A lawsuit is a legal action that one party (called the plaintiff) brings to court against another party (called the defendant). The purpose of a lawsuit is to enforce or defend a legal right.
Generally, litigation involves distinct steps: pleadings, discovery, trial and possibly an appeal. However, parties can halt the process by agreeing to settle at any time.
Procedures for filing a lawsuit
The first step in a lawsuit is to file a complaint and summons with the local county court. This document sets out the facts of the case and the legal basis for your claim. It must be served on the defendant and a copy delivered to the court.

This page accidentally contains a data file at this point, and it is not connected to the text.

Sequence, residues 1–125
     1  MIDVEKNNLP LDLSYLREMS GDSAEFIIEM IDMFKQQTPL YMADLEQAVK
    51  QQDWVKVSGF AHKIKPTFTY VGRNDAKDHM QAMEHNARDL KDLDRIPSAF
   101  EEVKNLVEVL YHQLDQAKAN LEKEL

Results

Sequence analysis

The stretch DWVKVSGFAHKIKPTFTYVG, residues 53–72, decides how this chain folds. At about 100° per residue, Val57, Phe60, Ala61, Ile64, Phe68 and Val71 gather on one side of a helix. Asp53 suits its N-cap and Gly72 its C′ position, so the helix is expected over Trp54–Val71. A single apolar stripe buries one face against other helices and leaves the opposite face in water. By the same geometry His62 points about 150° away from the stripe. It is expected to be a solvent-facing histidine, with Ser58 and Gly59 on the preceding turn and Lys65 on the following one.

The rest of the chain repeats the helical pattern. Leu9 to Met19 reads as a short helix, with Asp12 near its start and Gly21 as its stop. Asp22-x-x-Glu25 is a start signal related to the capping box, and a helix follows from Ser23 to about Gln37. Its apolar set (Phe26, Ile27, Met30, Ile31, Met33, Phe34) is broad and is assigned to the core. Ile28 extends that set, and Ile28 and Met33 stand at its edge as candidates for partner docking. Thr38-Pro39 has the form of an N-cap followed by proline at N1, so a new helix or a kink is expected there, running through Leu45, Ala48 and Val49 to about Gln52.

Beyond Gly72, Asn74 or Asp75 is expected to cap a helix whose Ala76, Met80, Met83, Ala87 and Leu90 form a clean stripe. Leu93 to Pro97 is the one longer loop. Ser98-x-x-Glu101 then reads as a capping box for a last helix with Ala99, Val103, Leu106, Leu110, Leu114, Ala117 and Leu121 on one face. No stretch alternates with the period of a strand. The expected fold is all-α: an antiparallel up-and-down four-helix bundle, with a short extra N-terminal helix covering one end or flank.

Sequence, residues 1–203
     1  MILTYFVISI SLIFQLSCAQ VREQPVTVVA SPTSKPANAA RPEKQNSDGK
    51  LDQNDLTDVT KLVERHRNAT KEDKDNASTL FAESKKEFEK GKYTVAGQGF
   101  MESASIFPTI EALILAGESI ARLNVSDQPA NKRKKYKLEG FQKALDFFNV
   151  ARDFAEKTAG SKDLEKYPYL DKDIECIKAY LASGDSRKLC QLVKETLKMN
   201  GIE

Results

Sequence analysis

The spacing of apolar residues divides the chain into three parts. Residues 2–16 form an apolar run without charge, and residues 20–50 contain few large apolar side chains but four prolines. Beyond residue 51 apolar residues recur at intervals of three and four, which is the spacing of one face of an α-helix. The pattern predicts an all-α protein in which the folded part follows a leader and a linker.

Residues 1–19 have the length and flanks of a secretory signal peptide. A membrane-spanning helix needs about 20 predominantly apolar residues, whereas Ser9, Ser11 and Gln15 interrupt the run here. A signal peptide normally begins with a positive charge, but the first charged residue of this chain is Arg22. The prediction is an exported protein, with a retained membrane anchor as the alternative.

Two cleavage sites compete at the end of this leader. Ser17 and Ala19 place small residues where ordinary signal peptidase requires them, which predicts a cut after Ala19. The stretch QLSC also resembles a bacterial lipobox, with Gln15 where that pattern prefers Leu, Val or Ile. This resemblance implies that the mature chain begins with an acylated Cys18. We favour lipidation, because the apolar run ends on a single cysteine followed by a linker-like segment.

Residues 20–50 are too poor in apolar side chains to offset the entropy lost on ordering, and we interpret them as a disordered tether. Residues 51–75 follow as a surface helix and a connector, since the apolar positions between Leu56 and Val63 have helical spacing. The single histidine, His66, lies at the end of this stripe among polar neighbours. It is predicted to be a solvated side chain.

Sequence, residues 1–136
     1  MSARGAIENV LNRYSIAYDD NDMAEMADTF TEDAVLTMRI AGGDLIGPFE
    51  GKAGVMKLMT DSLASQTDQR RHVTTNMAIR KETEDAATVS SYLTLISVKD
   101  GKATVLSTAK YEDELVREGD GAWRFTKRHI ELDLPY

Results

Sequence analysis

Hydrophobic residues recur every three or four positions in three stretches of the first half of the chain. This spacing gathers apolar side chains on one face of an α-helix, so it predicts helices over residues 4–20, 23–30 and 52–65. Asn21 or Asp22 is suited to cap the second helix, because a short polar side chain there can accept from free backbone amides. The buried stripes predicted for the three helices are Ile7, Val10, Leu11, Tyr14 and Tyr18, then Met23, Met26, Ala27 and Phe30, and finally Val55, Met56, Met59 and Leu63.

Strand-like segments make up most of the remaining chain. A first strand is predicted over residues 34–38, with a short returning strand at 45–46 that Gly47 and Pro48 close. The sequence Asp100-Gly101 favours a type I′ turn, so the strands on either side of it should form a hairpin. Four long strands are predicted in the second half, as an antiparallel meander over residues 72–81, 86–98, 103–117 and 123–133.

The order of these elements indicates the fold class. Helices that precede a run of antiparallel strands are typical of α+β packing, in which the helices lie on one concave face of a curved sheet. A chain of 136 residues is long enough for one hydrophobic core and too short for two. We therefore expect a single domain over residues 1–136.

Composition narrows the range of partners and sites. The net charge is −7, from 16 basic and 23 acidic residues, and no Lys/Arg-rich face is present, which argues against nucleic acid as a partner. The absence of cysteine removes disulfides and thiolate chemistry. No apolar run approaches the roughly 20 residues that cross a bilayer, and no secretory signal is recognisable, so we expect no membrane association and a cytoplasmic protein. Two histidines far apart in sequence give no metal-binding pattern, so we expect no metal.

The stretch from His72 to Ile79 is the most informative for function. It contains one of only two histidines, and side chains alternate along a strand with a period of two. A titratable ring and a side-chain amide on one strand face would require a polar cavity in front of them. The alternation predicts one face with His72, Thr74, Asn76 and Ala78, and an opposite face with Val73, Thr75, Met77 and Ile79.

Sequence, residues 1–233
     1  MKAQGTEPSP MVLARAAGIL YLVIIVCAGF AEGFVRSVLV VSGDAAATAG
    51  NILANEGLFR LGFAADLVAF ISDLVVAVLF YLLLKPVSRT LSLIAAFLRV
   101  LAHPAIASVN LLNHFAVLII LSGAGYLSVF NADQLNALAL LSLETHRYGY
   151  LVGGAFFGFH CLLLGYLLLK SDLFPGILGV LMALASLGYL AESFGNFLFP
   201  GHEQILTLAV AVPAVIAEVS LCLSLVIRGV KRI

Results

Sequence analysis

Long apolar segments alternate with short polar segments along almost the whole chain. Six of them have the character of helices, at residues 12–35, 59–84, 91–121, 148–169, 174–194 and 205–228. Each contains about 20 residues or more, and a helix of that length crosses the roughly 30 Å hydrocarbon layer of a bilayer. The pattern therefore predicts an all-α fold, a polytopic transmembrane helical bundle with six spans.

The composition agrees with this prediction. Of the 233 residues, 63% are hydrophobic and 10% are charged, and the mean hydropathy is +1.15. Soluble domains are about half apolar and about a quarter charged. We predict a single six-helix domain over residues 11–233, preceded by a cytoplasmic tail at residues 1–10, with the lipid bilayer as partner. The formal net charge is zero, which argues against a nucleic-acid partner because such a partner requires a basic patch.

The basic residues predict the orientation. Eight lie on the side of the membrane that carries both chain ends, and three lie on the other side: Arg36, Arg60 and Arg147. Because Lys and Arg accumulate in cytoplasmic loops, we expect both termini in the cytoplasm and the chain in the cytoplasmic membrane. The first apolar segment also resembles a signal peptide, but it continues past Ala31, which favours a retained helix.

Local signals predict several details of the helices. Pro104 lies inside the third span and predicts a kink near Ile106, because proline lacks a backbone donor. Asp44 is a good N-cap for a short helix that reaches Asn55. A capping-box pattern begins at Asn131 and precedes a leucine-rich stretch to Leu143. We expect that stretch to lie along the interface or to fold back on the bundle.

Proof of service
After the complaint and summons are filed, the Defendant will be given a specified period of time to file an answer. An answer is a written statement that responds to the allegations set forth in the Complaint.
The process of gathering information about the case from both parties and non-parties. This can include asking questions through interrogatories, requests for production of documents and other evidence, and conducting depositions.
During the discovery phase, the parties may also work with outside counsel to help them prepare for trial. In some cases, a settlement is reached through mediation before a trial begins. In other cases, the parties must go to trial in front of a judge or jury to resolve the dispute.